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Stent thrombosis (ST) is an event which may lead to myocardial infarction (MI) or death. The recognition of ST demands the demonstration of thrombus in the stented segment. When MI or death occurs in close temporal relationship with stenting, usually within 1 month, we accept any of these adverse events as indirect support for the occurrence of ST. During an extended follow-up interval, the relationship between ST and the occurrence of MI or death becomes less clear. It is obvious that multiple factors may lead to MI or death, besides ST, and the chances that any of these factors will come into play increase with the length of follow-up. The natural conclusion is that the possibility of making a firm identification of ST occurring months or years after stenting decreases if we only rely on the occurrence of MI or death. This foreword is important because put into perspective, the end point of late ST becomes unreliable unless demonstrated by angiography or autopsy. For the report by Hoffman et al presented in this issue of Heart (see article on page 10.1136/hrt.2007.120154),1 the event of ST required angiographic documentation.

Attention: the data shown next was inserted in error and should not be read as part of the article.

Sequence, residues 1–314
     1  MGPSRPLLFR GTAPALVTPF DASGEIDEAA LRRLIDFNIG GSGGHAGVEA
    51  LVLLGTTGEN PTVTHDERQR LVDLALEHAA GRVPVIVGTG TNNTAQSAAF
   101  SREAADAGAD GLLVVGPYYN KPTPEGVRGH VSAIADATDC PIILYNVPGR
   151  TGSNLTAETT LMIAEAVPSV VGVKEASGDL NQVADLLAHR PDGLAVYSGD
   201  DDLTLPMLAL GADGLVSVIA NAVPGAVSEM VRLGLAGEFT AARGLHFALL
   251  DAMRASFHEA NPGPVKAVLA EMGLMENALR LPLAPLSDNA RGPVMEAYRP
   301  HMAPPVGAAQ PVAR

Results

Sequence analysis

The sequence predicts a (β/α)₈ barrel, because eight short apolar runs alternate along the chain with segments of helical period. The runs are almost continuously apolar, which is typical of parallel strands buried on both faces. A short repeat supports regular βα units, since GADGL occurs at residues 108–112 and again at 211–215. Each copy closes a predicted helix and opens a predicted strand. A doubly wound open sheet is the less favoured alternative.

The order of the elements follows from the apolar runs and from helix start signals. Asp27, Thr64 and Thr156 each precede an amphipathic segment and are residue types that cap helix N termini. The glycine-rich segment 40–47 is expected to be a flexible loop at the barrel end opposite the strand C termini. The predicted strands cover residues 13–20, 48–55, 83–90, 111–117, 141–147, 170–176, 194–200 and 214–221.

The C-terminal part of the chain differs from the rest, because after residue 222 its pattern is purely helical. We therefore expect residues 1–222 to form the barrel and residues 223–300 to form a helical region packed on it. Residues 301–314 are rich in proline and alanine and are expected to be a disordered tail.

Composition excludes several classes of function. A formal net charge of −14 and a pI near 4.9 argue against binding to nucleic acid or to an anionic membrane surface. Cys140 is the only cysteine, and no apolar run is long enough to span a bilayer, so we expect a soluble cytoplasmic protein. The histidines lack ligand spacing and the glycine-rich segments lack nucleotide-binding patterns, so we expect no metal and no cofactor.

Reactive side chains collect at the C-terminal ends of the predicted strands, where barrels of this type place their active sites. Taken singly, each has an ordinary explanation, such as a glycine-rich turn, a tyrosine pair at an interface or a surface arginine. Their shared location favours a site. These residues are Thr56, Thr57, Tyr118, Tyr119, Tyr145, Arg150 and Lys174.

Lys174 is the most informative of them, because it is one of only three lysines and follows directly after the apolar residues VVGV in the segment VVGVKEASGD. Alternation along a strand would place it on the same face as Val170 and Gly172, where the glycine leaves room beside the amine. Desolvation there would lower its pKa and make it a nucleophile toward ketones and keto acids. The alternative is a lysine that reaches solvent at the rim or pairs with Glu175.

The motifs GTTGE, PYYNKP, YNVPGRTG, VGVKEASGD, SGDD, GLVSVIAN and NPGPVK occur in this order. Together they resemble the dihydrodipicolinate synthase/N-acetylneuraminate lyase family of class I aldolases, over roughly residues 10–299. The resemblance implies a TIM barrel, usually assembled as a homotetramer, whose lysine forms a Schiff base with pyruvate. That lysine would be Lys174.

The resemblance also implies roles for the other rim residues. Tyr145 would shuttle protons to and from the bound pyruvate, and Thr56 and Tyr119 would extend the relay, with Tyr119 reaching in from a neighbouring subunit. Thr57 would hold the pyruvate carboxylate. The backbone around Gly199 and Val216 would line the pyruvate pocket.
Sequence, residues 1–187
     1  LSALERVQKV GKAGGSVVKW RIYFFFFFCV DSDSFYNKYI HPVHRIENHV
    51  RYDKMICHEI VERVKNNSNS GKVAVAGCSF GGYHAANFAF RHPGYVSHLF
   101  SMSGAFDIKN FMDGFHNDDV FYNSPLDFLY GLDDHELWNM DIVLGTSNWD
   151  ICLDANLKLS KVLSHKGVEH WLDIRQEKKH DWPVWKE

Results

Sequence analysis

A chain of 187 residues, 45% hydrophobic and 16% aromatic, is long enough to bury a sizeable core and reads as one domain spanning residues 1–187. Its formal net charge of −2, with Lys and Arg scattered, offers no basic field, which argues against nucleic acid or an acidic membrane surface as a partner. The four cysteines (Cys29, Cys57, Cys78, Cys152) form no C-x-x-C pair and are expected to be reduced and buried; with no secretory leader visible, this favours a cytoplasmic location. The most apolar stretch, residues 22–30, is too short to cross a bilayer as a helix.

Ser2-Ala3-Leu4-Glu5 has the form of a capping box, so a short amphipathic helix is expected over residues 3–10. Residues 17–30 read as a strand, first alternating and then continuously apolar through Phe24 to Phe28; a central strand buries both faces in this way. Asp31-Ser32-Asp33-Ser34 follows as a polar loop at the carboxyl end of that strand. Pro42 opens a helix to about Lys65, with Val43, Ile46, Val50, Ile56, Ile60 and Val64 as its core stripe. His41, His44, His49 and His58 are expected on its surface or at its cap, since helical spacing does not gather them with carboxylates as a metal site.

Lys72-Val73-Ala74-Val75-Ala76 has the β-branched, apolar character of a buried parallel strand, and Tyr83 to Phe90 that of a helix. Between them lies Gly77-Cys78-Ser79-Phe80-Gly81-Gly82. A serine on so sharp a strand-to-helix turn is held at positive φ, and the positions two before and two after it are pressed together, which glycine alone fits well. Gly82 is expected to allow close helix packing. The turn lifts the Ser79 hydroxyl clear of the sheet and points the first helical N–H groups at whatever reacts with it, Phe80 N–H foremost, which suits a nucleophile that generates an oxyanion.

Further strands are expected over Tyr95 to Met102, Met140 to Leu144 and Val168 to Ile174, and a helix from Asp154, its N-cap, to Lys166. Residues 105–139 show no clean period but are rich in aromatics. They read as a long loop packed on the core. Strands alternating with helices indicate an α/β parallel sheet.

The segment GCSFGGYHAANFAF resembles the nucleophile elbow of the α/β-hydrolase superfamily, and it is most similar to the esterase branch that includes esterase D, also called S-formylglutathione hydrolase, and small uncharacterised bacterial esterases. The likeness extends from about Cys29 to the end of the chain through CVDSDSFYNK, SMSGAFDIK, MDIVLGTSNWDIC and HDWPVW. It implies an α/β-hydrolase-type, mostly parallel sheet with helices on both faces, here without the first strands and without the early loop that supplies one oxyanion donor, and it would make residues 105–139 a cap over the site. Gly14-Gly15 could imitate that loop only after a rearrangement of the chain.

LATE INCOMPLETE STENT APPOSITION
Incomplete stent apposition (ISA) or stent malapposition is the intravascular ultrasound (IVUS) finding of lack of contact between stent struts, not overlying a side branch, and the underlying arterial wall. Late ISA may be due either to persistence of acute ISA occurring at the time of stent implantation or late-acquired ISA occurring between stent implantation and follow-up. Traditionally the term “late ISA” has mainly been used to describe late-acquired ISA. Late ISA (acquired) was well recognised after bare-metal stent (BMS) implantation. The predictors for the occurrence of late ISA after BMS implantation were directional coronary atherectomy before stenting and stenting performed in a setting of acute MI.2 Studies have …